Instances are the heart of the action in an Objective-C program. Most of the methods you’ll define when creating your own classes will be instance methods; most of the messages you’ll send in your code will call instance methods. This chapter describes how instances come into existence and how they work.
Your class objects are created for you automatically as your program starts up, but instances must be created deliberately as the program runs. The entire question of where instances come from is thus crucial. Ultimately, every instance comes into existence in just one way: someone turns to a class and ask that class to instantiate itself. But there are three different ways in which this can occur: ready-made instances, instantiation from scratch, and nib-based instantiation.
One way to create an instance is indirectly, by calling code that does the instantiation for you. You can think of an instance obtained in this indirect manner as a “ready-made instance.” (That’s my made-up phrase, not an official technical term.) For example, consider this simple code:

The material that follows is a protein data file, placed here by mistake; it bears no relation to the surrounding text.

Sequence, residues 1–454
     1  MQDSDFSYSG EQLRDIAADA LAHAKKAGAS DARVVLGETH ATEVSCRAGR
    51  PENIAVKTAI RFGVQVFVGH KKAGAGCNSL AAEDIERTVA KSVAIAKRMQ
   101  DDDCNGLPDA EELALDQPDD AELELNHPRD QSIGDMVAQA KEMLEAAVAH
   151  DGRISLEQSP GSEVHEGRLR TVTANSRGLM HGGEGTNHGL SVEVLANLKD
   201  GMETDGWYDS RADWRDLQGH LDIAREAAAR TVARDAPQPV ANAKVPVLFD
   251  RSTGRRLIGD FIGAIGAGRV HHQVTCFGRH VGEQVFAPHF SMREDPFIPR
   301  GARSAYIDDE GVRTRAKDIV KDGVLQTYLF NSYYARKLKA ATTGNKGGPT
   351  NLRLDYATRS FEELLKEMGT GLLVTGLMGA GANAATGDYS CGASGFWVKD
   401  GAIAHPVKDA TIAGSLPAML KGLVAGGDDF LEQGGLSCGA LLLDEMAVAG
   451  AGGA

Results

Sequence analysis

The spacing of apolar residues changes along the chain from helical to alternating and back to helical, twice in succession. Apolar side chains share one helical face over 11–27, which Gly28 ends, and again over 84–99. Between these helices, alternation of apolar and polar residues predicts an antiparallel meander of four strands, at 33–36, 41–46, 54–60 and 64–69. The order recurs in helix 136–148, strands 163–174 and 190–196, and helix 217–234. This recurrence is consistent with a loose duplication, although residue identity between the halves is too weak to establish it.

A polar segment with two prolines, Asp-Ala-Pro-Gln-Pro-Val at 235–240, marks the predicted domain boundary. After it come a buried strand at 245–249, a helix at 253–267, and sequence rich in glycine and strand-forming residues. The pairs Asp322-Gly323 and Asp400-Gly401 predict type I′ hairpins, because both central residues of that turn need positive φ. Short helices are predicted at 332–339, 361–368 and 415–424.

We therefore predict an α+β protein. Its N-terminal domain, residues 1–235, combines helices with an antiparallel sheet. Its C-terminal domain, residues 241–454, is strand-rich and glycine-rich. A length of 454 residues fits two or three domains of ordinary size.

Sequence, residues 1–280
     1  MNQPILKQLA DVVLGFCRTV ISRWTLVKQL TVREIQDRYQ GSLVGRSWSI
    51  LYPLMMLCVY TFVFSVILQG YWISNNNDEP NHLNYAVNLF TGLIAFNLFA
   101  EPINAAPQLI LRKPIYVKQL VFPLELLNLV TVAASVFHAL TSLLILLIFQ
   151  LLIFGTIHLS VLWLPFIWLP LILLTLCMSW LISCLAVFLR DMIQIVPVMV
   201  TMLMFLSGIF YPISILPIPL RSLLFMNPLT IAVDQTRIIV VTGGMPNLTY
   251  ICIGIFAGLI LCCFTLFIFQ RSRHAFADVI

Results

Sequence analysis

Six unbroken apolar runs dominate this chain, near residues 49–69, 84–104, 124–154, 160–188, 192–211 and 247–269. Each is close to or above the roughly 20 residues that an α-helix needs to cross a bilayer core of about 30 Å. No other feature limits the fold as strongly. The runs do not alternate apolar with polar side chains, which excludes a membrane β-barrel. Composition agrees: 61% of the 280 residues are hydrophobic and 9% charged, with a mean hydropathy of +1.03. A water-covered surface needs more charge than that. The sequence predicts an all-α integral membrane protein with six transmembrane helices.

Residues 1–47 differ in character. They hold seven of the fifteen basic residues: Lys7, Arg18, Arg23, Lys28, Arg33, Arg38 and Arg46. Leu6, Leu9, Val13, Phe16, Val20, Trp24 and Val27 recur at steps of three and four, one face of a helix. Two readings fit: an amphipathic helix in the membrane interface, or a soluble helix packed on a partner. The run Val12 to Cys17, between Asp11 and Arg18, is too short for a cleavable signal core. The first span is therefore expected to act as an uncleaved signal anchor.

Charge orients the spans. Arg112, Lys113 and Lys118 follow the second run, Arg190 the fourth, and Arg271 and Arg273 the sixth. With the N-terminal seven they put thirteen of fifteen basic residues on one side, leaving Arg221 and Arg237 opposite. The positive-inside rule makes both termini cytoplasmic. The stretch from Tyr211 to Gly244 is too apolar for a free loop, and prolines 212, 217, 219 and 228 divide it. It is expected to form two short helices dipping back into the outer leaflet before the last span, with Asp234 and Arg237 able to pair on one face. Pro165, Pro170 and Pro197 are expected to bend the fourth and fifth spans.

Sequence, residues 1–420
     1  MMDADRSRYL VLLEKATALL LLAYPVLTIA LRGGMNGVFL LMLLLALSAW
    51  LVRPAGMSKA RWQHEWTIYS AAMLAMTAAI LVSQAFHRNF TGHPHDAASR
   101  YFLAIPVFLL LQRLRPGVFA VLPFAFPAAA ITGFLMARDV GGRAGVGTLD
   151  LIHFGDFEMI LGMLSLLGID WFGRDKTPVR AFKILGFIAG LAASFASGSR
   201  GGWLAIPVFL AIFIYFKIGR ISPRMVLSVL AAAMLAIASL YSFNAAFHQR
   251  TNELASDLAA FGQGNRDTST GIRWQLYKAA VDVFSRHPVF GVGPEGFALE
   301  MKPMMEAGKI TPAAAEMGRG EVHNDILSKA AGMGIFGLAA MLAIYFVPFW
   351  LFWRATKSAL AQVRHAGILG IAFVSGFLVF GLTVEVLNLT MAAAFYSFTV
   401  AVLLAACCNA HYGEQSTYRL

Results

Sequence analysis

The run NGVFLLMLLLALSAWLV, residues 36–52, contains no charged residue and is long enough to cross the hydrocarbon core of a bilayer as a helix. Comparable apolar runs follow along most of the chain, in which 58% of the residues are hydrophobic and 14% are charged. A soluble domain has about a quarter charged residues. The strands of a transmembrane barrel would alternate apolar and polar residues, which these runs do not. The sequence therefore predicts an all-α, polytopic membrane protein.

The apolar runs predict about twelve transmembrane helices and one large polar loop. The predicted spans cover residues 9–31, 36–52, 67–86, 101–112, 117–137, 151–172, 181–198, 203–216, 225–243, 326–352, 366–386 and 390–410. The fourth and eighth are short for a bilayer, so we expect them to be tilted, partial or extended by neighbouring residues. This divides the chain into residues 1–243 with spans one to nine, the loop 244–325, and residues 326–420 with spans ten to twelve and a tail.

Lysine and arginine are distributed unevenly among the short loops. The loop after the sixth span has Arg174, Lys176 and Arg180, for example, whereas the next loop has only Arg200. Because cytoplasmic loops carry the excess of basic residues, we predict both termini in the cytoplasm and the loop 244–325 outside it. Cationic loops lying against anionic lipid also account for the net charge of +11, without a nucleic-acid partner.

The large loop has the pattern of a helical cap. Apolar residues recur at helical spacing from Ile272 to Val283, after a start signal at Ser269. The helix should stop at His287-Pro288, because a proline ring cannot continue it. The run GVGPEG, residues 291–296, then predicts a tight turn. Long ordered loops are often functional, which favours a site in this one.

NSString* s2 = [s uppercaseString];
The documentation for the NSString instance method
uppercaseString says that it returns an
NSString* that is “an uppercased representation of the receiver.” In other words, you send the
uppercaseString message to an NSString, and you get back a different, newly created NSString. After that line of code,
s2 points to ...